Every year there has been one problem or another. The peaches developed peach leaf curl, so now I spray for that every winter.
|The dead wilted leaves are the result of the fire blight.|
The apple trees developed fire blight. I have been fighting that for years. You can only treat fire blight two ways. One is by cutting off the affected limbs. Other than that, you must spray every three days after you see the buds and until they flower out. I did this AGAIN this year. It is better, but every week or so another branch starts wilting.
One year we had quite a few peaches on a young tree. There was just enough to make a pie. The next morning when I went out to pick them, the entire tree was stripped of peaches and there were a lot of peach pits under it. We had a small wire fence around the tree and some small animal had bent up the bottom and had a feast. The last few years we have had a problem with a late freeze after the peaches have bloomed. This kills the blossoms and means no fruit for the year.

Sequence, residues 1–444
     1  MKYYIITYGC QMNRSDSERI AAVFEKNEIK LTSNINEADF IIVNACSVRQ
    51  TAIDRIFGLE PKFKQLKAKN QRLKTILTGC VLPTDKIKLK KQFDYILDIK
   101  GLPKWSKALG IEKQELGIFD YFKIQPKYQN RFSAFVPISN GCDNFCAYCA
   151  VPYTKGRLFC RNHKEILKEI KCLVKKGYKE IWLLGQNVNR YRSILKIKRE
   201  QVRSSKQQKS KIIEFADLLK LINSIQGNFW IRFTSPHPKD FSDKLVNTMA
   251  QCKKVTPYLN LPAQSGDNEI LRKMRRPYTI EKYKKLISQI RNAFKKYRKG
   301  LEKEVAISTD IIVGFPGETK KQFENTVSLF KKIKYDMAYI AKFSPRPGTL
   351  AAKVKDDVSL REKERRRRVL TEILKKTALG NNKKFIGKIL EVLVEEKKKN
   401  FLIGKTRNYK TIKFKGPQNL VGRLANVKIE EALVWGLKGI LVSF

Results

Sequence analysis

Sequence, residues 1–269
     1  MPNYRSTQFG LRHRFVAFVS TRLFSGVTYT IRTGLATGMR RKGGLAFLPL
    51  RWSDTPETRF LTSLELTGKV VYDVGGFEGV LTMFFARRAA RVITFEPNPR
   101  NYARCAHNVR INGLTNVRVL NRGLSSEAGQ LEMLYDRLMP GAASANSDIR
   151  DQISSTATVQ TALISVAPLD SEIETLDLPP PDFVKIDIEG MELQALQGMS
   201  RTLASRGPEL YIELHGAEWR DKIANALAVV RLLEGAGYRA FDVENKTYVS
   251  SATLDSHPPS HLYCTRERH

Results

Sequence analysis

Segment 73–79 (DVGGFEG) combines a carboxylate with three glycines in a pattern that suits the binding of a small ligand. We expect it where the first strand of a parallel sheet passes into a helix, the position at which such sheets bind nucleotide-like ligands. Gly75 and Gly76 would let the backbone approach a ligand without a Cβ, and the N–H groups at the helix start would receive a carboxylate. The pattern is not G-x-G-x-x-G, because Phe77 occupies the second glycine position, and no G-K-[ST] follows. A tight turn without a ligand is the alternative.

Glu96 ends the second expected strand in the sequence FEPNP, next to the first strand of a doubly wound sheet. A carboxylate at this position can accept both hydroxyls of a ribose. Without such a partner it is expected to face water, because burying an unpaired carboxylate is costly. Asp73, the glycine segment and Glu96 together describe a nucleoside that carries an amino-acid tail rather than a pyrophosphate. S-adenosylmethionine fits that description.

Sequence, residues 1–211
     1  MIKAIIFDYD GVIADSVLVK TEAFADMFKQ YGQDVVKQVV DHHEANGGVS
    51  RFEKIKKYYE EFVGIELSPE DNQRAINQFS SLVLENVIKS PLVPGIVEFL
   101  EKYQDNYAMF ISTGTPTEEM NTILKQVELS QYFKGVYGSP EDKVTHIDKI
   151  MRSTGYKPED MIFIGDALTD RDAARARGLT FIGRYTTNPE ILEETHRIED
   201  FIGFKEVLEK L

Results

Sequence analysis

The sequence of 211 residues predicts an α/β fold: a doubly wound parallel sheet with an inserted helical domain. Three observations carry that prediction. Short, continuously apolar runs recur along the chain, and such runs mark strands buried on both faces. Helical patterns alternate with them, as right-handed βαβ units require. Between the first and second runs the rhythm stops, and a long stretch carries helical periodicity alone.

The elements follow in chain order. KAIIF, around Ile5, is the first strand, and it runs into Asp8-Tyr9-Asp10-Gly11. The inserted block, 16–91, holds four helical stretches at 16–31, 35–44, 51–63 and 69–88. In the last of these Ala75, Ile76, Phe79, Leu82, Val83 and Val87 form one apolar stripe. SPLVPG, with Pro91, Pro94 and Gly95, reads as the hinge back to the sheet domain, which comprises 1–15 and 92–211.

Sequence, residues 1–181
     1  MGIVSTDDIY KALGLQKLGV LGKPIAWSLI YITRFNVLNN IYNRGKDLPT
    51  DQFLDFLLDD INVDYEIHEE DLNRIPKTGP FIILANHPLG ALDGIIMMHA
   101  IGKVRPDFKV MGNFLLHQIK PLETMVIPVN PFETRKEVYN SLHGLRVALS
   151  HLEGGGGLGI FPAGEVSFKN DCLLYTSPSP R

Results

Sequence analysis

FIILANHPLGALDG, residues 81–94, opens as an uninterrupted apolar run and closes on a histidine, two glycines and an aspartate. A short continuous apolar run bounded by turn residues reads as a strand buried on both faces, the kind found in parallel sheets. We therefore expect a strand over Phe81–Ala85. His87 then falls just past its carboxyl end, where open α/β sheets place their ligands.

The late freeze this year destroyed the apricot blossoms. One of the peach trees is a late bloomer, so it has lots of peaches.
I may actually get some fruit this year! I will have to fight off the deer and other fruit lovers, but that is RJ's job.
The early blooming peach has a few peaches on it, but they look damaged and spotty. If you are a peach tree expert, send help! I am supposing the frost damaged the blossoms a bit, but not enough to totally destroy it. They may be edible. I'll find out in a few weeks
If you are an expert, I know I have put off trimming the trees. I plan to catch up this winter.
I have a few plums on the young plum tree. That looks promising!
The Granny Smith tree with the worst of the fire blight has a few apples, but we have two of them and the healthier Granny has quite a few apples!
When my sister died I was devastated. My friends at the Fincastle library got together and bought me a pear tree. It now has a few pears for the first time. I will think of her every time I eat one.